The effect of progesterone on the serum level of ICAM-1 in DAI patients has shown in Table 2. No significant difference was found in the ICAM-1 level between the control and progesterone groups at the time of admission and six days after injury (P = 0.21 and P = 0.77, respectively). In contrast, 24 hours after the injury, the ICAM-1 level was reduced in the progesterone group (868.97 ± 166.54 pg/mL) compared to the control group (1422.96 ± 203.87 pg/ mL) (P < 0.05). The amount of reduction in the progesterone group in comparison with the control group was 38.95% at 24 hours after the injury. An increase in the ICAM-1 level was found in the control group at 24 hours in comparison to the admission time (P < 0.05).


Table 2.
The Effect of Progesterone on the Serum Level of Intercellular Adhesion Molecule-1 (pg/ mL) in Diffuse Axonal Injury Patients

4.3. The Serum Level of Neuron-Specific Enolase in Diffuse Axonal Injury Patients Following Progesterone Administration

The effect of progesterone on the serum level of NSE in DAI patients has shown in Table 3. No significant difference was found in the NSE level between the control and progesterone groups during assay (P = 0.42, P = 0.58 and P = 0.1, respectively). A significant decrease was found in the NSE level in the control and progesterone groups six days after the injury in comparison to admission and 24 h after the injury (P < 0.01).


Table 3.
The Effect of Progesterone on the Serum Level of Neuron-Specific Enolase (ng/ mL) in Diffuse Axonal Injury Patients

5. Discussion


To our knowledge, the current study is the first study to examine the effect of progesterone administration on the serum levels of ICAM-1 and NSE in DAI patients. The main findings of this study were: 1, the serum level of ICAM-1 reduced remarkably in DAI patients following progesterone administration 24 h after injury; 2, progesterone did not change the serum level of NSE in DAI patients during evaluation.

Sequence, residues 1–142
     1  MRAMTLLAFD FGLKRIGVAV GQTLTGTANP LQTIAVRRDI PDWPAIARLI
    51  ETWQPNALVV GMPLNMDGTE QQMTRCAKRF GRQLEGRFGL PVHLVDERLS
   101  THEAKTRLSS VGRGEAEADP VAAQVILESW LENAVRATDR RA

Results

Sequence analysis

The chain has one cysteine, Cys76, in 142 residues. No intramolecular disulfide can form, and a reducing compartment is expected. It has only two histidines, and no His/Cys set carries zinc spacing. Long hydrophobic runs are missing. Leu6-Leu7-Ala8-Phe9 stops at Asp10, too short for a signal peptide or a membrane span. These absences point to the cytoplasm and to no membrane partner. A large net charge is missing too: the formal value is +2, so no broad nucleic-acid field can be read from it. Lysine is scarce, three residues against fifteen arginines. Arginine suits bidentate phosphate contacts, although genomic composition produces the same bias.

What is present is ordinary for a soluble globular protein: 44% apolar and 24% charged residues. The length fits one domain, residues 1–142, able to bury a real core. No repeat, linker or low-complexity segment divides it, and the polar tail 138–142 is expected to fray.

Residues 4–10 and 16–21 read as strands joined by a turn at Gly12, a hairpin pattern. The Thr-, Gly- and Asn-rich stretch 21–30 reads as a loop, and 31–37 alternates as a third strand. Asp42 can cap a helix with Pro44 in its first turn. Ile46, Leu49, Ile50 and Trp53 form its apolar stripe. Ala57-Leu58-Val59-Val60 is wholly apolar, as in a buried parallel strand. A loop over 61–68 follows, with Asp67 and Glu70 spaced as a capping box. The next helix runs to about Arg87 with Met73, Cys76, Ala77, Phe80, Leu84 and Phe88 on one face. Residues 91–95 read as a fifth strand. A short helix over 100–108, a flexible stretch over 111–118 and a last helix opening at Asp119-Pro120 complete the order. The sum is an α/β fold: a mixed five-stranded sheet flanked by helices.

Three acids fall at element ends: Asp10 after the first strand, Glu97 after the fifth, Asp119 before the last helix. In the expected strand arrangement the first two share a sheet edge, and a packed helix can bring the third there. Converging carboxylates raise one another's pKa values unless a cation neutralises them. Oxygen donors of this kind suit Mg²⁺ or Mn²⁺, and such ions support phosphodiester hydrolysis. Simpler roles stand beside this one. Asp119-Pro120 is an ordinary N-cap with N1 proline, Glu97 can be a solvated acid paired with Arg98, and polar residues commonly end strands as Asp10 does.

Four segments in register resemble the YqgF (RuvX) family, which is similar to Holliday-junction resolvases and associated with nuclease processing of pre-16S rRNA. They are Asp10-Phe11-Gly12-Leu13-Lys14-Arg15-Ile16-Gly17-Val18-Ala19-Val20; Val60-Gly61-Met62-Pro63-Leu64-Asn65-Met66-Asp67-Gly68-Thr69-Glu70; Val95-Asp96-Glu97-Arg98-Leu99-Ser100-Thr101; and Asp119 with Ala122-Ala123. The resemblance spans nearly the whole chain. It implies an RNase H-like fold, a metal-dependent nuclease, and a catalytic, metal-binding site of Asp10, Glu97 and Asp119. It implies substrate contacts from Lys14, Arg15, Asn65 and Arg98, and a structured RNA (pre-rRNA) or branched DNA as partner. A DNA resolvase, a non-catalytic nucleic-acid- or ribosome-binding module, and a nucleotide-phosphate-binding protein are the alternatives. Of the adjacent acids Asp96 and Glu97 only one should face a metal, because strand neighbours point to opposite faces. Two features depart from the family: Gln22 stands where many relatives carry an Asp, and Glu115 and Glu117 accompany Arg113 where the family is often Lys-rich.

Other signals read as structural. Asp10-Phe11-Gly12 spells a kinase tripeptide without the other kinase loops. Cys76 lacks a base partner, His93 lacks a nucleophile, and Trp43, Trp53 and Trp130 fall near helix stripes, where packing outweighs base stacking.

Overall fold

The authors of this study have begun to examine the effect of progesterone as a therapeutic agent in clinical DAI by trying to account for their experimental studies (4, 5). They have reported that progesterone administration can cause the improvement of neurologic outcome in DAI patients (19).


Brain-related proteins are appeared in the systemic circulation following BBB disruption (20). Serum biomarkers in TBI are a useful means for evaluating the condition (21). Also, the assessment of TBI biomarkers improves the development of an individualized treatment (1). Studies have consistently demonstrated that progesterone, as a neurosteroid with multiple functions, modulates diverse secondary injury mechanisms in TBI, including apoptotic pathways, diffuse axonal injury, stress oxidative (4, 22), and the expression of inflammatory cytokines (3, 17). We have previously reported decreasing S100 calcium-binding protein B (S-100 B), IL-1β and MDA and increasing TGF-β1 and IL-6 in serum associated to improving neurologic outcome in progesterone-administered DAI patients (19). In the present study, the effect of progesterone administration on the serum levels of ICAM-1 and NSE in DAI patients was determined.